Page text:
Employers have the right to change duties with changing times and technology. No job is static and employees have no right to hold on to the job description or duties of their original hire. Due to incidents of fraud, Walmart changed its return process from a manual check-off by the greeter to a more complex hand-held scanning device. A greeter was unable to effectively use the new device because of a neurological disorder, which was now an essential function of the job. He requested and was denied the accommodation of going back to the old manual system. He then sued, claiming that he should be entitled to continue the duties he was hired to do and performed well. The court ruled that this argument was “a nonstarter.” The new technology significantly reduced fraud, and any employer may change duties and technology if it can show a valid business reason, in spite of the consequences this may have for some employees unable to make the transition. Walter v. Walmart Stores, Inc. (N.D. Ind., 2011).
100% requirement is an automatic violation of the ADA. This case is in the “should have known” category. An employee took leave because of prostate surgery. He was cleared to return with restrictions on lifting and standing too long without the opportunity to sit. The company terminated him for being unable to perform 100 percent of the job. The employer should have known better. The ADA regulations and a long line of cases hold that a 100 percent return requirement is a “per se violation” of the law. The whole reasonable-accommodation concept is based on modifications because an employee may not be able to do 100 percent of the duties but can perform the essential functions. The employer should have engaged in the required interactive process to explore accommodations before making any decision. Nolan v. Arkansas (E.D. Pa., 2011).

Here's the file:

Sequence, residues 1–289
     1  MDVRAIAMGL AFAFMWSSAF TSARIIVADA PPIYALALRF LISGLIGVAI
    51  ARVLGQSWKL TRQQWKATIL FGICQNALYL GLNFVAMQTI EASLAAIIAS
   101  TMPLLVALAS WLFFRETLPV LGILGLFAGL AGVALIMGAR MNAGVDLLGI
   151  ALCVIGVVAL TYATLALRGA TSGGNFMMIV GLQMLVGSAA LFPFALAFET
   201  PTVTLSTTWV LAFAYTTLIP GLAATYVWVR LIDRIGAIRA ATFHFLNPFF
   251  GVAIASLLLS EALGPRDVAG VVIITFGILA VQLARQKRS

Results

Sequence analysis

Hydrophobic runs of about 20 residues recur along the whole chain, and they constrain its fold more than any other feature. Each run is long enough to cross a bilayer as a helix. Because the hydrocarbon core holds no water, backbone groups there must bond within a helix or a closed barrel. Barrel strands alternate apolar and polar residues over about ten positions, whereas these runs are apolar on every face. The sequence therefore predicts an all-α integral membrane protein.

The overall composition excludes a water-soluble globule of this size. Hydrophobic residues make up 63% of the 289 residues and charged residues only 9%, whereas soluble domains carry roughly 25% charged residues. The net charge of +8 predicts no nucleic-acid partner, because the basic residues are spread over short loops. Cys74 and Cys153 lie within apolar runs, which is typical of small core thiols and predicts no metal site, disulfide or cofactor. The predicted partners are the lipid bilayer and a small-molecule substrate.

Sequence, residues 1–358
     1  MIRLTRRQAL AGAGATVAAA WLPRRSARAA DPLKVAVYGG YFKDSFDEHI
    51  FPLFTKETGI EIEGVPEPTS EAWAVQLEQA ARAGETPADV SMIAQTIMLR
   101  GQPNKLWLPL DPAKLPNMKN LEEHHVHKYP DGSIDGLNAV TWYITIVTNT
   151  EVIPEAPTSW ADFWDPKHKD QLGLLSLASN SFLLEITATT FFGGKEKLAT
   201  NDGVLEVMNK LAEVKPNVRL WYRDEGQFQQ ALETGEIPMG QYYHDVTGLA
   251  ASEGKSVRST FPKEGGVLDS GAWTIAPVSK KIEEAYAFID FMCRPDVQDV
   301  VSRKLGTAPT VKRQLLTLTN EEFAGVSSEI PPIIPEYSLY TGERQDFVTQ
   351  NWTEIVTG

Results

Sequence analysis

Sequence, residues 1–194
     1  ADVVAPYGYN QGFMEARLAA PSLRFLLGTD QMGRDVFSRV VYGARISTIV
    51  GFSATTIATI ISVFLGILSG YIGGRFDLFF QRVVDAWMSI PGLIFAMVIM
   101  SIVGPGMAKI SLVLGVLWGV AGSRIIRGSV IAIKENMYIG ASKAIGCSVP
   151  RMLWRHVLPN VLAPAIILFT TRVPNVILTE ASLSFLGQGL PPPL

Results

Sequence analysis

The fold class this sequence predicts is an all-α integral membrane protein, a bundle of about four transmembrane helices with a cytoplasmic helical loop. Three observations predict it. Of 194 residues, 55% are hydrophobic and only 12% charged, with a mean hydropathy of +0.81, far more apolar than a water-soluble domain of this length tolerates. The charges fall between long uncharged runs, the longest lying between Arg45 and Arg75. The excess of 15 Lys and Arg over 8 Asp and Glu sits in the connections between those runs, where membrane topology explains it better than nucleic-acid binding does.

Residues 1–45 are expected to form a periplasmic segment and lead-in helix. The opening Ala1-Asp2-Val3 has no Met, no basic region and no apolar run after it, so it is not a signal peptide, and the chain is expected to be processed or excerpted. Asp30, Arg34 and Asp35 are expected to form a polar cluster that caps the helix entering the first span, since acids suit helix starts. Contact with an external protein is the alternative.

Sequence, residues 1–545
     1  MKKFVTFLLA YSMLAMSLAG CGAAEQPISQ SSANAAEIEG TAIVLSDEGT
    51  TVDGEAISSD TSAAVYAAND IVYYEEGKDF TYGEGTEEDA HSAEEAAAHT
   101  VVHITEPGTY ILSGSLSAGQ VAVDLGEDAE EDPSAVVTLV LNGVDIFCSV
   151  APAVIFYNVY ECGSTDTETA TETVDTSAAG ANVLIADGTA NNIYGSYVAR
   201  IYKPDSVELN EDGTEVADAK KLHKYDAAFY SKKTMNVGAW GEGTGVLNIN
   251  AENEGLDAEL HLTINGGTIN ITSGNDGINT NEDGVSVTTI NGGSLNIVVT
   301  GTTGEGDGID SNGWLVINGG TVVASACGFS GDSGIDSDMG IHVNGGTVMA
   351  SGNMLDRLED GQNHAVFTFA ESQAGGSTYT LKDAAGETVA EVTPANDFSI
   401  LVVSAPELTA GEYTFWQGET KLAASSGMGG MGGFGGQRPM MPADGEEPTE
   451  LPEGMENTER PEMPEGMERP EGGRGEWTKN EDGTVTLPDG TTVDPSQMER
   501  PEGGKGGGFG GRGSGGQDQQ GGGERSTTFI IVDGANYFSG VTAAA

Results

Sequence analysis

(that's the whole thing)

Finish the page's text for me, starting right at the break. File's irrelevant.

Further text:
Safety evaluation is not a medical examination. The ADA has strict guidelines on medical evaluations. A FedEx employee challenged a field-evaluation safety assessment of hearing, which he failed. The court dismissed the case, finding it was not a medical exam under the ADA. There were no medical personnel involved. The hearing evaluation was done under actual workplace conditions, with a practical assessment of whether the person was able to be effectively safe. There was also a valid reason for the evaluation. The employee had several accidents, apparently because of failure to hear directions, including people yelling loudly that he was driving in the wrong lane. Margharita v. FedEx Express (E.D. NY, 2011).
Bob Gregg, a partner in Boardman & Clark LLP, shares his roundup of diversity-related legal issues. He can be reached email@example.com.For best practices to create inclusive workplaces that reduce discrimination based on sex, age and disability, visitBestPractices.DiversityInc.com.